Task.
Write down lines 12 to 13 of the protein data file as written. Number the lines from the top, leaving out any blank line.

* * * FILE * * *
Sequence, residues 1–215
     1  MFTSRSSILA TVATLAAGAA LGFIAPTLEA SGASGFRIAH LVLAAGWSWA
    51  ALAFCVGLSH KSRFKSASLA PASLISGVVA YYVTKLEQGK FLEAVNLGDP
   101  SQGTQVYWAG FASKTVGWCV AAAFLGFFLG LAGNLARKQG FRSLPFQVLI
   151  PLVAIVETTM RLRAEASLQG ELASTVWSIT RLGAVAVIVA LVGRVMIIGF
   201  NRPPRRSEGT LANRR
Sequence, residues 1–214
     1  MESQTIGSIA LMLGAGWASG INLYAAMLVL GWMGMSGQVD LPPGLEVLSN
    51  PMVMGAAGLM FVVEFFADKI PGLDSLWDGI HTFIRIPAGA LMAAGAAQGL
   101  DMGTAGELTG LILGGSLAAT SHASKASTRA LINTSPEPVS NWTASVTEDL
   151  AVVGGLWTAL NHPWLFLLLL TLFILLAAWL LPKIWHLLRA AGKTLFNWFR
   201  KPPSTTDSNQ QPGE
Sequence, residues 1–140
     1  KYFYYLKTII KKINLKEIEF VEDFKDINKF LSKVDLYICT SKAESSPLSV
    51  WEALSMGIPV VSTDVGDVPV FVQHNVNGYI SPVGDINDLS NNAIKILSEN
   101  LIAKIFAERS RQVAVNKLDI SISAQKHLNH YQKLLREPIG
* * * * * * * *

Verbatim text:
   201  KPPSTTDSNQ QPGE
Sequence, residues 1–140